• Weak pulse
  • Severe drowsiness
  • Slow breathing or not breathing
  • Trouble keeping consciousness
  • Seizures
  • Blue fingertips and lips
  • Pinpoint pupils
  • Nausea and vomiting
  • Coma

Causes for Roxicodone Overdose

While it may be easy to think that a person who abuses Roxicodone to experience “euphoria” might overdose, there are other situations in which you or someone you know could overdose. If you are taking this medicine to manage pain and take too many pills too soon after each other, you could have overdose symptoms.

  • If you are taking this drug and take it with other medications or with alcohol, you could overdose.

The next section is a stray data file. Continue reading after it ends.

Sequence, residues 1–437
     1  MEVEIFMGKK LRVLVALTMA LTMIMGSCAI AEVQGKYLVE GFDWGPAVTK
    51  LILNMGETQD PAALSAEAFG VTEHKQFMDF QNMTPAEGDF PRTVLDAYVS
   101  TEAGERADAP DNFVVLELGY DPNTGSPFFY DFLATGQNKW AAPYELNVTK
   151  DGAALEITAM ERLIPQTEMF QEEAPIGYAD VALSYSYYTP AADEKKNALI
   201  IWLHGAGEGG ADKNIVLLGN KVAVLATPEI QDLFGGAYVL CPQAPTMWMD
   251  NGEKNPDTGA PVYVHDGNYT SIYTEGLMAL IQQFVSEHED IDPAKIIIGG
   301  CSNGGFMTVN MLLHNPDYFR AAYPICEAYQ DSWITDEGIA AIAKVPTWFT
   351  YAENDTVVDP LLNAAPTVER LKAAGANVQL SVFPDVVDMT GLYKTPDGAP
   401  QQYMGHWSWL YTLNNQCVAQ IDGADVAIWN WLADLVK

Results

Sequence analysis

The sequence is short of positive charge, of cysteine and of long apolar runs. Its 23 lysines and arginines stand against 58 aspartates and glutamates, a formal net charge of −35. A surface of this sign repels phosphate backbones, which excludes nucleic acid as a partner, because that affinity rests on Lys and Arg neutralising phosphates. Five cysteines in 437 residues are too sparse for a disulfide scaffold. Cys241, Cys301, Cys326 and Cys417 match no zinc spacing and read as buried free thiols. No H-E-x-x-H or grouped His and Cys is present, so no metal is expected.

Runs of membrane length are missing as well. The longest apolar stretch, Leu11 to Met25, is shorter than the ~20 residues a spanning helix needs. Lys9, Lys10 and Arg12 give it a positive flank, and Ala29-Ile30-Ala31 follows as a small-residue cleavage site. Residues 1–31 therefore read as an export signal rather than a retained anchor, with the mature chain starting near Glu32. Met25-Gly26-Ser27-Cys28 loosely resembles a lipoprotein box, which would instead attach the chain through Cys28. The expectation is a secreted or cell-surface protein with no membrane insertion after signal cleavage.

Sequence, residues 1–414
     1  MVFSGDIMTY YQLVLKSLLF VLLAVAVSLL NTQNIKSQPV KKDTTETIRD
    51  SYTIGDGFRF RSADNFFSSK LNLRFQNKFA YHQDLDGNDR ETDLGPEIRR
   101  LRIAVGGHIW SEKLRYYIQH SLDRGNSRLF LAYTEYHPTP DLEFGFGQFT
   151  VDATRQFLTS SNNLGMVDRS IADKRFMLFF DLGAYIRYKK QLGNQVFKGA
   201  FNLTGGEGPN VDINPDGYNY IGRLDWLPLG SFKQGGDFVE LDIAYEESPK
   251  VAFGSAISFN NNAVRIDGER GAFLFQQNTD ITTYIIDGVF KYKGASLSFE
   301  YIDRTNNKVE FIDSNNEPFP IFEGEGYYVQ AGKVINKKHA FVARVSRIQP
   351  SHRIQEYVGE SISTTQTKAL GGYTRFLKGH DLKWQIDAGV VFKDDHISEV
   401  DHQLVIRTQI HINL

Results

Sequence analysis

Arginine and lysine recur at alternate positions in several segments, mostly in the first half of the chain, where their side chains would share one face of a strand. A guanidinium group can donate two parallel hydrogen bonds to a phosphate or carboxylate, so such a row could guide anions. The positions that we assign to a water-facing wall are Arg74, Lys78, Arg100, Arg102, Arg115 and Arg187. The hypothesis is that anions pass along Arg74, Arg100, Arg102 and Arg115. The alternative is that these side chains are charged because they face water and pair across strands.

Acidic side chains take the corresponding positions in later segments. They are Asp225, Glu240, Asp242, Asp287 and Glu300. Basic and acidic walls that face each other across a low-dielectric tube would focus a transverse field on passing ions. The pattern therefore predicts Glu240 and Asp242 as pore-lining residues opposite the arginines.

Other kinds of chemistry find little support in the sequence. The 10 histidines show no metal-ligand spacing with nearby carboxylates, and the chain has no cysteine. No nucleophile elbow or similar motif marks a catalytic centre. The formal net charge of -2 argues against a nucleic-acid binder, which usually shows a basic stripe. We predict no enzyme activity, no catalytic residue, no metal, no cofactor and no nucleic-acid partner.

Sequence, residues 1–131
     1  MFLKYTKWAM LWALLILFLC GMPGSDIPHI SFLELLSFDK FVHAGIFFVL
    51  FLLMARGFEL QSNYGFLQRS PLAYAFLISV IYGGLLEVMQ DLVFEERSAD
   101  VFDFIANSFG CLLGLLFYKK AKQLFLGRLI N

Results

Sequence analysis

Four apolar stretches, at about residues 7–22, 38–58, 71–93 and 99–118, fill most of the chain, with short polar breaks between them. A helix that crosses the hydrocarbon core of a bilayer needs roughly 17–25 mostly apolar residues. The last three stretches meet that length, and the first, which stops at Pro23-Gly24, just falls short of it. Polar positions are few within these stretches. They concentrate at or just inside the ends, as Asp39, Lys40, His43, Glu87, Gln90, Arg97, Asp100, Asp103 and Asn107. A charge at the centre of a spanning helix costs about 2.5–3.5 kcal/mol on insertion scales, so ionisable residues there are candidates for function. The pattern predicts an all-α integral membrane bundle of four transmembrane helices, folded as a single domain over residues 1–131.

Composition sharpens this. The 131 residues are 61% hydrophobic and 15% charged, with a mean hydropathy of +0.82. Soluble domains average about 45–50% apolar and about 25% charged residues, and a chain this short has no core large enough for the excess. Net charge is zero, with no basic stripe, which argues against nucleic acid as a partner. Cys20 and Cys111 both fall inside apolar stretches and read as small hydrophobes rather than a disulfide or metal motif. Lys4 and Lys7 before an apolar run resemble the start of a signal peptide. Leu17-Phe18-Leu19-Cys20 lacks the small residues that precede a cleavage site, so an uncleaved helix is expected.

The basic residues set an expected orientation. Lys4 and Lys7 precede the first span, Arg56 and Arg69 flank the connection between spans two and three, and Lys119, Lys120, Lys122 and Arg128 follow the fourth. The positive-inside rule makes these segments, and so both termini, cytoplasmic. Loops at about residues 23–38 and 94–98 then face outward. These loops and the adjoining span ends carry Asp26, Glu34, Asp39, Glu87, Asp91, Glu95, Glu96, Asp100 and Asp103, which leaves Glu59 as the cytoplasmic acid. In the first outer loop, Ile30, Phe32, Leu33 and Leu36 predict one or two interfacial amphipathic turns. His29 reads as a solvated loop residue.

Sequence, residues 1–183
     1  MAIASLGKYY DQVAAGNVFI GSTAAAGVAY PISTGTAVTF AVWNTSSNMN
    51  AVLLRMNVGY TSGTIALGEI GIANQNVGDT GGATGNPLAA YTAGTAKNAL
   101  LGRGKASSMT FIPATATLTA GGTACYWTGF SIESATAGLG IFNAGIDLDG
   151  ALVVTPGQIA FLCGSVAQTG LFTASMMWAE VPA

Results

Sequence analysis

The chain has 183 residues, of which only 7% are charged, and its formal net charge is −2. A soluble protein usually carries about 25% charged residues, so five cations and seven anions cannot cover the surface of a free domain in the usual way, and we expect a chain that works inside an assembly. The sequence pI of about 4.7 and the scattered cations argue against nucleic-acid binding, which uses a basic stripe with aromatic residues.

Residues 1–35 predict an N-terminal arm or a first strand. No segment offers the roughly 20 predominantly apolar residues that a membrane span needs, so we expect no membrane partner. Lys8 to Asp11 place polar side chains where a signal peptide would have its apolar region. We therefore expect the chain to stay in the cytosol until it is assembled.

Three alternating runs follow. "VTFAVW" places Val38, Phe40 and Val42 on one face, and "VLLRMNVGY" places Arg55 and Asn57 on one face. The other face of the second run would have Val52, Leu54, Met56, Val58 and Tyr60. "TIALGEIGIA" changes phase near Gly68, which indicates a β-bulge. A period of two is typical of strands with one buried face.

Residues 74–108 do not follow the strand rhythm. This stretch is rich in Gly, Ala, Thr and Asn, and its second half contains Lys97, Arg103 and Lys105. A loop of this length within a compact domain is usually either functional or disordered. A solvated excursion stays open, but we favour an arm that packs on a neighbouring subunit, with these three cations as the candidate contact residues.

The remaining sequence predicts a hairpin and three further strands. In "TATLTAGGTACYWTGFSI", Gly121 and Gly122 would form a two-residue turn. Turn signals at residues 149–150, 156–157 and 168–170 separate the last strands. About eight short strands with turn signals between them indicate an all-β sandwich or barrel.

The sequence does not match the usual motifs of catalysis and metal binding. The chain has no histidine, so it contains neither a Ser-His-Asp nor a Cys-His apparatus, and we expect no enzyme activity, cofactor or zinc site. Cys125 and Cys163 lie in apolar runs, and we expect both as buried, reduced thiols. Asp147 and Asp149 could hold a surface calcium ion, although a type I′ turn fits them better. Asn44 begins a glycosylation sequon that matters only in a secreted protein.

• If you have specific medical conditions, like sleep apnea, you could overdose.
  • If you are over 65 years old and take this medication, overdose is possible.

Opioid Abuse and Overdose Statistics

The 2019 National Survey on Drug Use and Health found that 9.7 million people abused opioids during that year. The same report also found that 1.6 million people began misusing prescription painkillers. (Page 35) The number of people with an opioid use disorder or addiction totaled 1.6 million that year.

Florida and Broward, and Palm Beach Counties are not exempt from opioid and oxycodone misuse and overdose. Published data from the Florida Medical Examiners Commission relays startling statistics on opioid-related deaths in 2020. The report states:

  • More than 1,700 deaths statewide were caused by opioids in the 2nd quarter of 2020
  • 125 of the above-mentioned deaths were caused by oxycodone
  • Oxycodone mixed with fentanyl contributed to 228 overdose deaths in the state
  • Broward County deaths from oxycodone products totaled 64
  • Palm Beach County deaths from oxycodone products totaled 120